Dali gurii

Salvador Dalí’s surreal cookbook set to be Christmas bestseller By Esther Addley and Alison Flood

Stuck for ideas for Christmas dinner this year? Worry no more. Thanks to an unlikely new celebrity chef, fashionable dinners this festive season are likely to feature thousand-year-old eggs, conger eel of the rising sun and frog pasties (recipe below), all washed down with a cocktail of brandy, ginger and cayenne pepper.

If that sounds a bit more surreal than your standard fare, you’re on the right culinary track. A rare and fantastical cookbook by the painter Salvador Dalí is being reissued for the first time in more than 40 years, and already looks set to be an unexpected Christmas bestseller.

Dalí’s lavish and erotic cookbook Les Diners de Gala was first published in 1973, featuring 136 recipes compiled by the painter and his wife Gala. Divided into 12 chapters with titles such as “Prime Lilliputian malaises” (meat) and “Deoxyribonucleic Atavism” (vegetables), the book also features sumptuous Dalí illustrations and photographs of the painter posing alongside tables loaded with a banquet’s worth of food. Chapter 10, entitled “The ‘I Eat GALA’”, is devoted to aphrodisiacs.


The Eating Out Habit By Paula Marantz Cohen

When I was growing up in suburban New Jersey in the 1960s, my parents would announce periodically that we would be going to go out to dinner. When the announcement was made, the evening was imbued with a festive air. We dressed up — I have a recollection of patent leather shoes and crinolines. Eating out was an occasion; it happened rarely and felt like an extravagance.

I don’t think my family was unique in this. Most people of that era — unless they worked in advertising — rarely ate out.

No longer. Now, everyone eats out all the time.

I say “everyone,” knowing full well that there are people for whom eating out is, at best, a trip to McDonalds, and others who continue to gather around the dinner table (à la Moonstruck) for a home-cooked meal. But most people who graduated from college in the past two decades — even those with mountains of college debt — eat out a great deal. Eating out has become something done routinely — a habit, if you will. The philosopher and psychologist William James defined a habit as something learned through repetitive action: we do it “with difficulty the first time, but soon do it more and more easily, and finally, with sufficient practice, do it semi-mechanically, or with hardly any consciousness at all.”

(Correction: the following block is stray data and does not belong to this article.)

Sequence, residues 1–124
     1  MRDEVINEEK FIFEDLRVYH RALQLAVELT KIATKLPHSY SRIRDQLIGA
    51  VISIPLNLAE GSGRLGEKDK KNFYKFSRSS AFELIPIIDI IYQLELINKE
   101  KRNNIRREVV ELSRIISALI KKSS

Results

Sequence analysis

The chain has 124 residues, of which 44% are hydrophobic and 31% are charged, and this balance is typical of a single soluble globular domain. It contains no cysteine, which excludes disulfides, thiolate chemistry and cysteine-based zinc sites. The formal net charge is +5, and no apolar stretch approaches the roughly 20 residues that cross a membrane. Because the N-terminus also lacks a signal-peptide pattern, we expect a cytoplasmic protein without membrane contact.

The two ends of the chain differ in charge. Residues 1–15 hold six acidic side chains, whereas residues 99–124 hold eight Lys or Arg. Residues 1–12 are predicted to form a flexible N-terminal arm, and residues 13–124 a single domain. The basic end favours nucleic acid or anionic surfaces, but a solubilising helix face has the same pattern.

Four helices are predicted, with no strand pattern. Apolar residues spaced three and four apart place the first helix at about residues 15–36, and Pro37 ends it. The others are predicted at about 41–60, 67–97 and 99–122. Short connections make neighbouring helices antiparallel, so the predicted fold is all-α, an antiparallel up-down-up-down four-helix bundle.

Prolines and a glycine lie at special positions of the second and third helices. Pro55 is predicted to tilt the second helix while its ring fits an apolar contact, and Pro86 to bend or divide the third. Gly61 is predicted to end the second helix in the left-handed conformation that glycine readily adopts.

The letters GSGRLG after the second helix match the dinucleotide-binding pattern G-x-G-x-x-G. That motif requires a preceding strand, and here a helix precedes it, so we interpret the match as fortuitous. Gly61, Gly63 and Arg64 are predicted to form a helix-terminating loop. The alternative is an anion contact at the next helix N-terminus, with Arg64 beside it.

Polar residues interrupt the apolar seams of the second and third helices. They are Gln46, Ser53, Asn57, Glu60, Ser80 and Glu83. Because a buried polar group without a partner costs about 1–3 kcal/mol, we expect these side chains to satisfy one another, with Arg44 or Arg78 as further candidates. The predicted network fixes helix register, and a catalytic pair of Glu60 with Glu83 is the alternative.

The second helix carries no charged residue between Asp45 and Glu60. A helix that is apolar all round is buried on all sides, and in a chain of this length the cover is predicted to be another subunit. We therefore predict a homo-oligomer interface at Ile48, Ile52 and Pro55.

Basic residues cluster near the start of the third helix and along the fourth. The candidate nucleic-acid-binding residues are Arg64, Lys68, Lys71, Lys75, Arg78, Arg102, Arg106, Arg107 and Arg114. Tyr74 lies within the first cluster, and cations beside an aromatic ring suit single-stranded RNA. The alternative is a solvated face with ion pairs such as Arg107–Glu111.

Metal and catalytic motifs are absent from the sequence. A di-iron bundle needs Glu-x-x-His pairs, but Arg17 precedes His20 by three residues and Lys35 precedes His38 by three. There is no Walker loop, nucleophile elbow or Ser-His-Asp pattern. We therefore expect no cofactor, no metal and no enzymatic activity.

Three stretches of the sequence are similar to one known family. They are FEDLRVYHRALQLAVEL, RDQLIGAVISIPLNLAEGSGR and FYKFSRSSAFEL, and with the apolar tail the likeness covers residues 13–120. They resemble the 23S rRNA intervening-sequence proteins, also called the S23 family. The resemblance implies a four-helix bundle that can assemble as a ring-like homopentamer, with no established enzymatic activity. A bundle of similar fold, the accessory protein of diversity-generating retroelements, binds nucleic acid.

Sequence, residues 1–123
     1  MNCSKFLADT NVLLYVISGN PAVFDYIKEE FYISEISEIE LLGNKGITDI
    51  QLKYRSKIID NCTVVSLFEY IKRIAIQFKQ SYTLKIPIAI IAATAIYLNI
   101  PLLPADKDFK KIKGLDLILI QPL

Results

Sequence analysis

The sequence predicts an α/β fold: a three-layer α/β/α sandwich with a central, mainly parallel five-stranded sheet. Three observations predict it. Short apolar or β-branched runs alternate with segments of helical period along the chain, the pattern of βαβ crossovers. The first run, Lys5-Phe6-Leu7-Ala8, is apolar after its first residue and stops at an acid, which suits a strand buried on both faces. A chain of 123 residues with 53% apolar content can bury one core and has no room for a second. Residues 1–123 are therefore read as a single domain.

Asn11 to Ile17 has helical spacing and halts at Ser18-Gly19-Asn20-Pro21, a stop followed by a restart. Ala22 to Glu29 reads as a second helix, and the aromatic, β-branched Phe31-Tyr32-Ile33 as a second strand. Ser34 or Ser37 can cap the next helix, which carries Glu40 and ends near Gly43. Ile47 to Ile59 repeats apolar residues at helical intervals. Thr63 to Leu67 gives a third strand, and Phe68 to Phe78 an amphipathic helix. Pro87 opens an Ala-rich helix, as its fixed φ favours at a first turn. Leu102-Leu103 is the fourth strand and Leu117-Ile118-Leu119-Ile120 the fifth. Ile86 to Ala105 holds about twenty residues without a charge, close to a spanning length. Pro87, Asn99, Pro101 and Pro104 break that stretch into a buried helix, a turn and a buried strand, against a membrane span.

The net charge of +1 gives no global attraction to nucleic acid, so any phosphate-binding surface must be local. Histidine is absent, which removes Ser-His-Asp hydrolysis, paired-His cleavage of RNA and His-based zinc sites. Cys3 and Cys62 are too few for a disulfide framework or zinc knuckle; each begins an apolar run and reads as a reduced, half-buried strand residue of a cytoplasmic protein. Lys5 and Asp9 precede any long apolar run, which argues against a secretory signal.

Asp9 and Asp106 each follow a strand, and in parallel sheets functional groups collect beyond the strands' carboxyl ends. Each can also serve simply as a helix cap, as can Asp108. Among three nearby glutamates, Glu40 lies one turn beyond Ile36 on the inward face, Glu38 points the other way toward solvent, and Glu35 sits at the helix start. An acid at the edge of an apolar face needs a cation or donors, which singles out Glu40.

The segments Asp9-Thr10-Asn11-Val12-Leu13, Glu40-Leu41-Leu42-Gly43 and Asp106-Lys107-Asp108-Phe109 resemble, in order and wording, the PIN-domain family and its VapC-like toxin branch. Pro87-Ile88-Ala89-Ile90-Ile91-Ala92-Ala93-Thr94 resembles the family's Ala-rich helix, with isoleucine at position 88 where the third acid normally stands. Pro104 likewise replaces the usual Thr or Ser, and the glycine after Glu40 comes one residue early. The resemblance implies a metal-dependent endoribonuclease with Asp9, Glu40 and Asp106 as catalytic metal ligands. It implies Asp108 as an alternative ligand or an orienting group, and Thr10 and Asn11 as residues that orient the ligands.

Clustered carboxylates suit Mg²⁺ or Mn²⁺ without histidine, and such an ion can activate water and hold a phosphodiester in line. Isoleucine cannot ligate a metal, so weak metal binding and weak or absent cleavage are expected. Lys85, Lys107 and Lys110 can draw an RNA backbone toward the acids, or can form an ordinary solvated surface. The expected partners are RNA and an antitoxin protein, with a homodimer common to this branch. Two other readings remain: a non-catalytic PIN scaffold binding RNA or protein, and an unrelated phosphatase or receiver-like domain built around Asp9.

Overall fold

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Canon of taste by Jill Neimark

Shields and Roberts are not alone. There is a growing global movement to establish a culinary canon and to restore the actual local ingredients that composed it. Why shouldn’t there be a canon of taste, like other canons of our civilisation, those of literature, art, music, architecture, religion and science? We have a global palate now, and with that, a new willingness to cross-pollinate and revivify regional foodways – and even ways of staging food at the table.

Even in the most unassuming places, artisanal traditions are being newly recreated: ‘I just came from Norwalk, Iowa, out in the middle of nowhere, and there was this incredible charcuterie,’ says the chef Dan Barber, founder of the internationally acclaimed Blue Hill restaurant in New York. The charcuterie, La Quercia, creates artisan-cured meats by hand from local, acorn-fed pork, and has become world-renowned.

Morcovul albastru

The Colors We Eat

Food color does more than guide us—it changes the experience of taste.

Food companies, which regularly do taste testing internally, know the confusion that color can create. Their trained sensory panelists evaluate new foods under red lighting, so that their powers of discrimination are not thrown off by traditional color-flavor expectations. As Jeannine Delwiche, a sensory scientist at Mead Johnson Nutrition (and before that at Pepsi-co) notes, at the early stages of a food product’s development, “the color often isn’t set.” Changes in the way the food is eventually processed may change its appearance. “The assumption is you can address that separately,” she says. “Meanwhile you want to know how the flavor’s doing.” The red light, she says, compels the panelists to focus more on other attributes, like texture and flavor.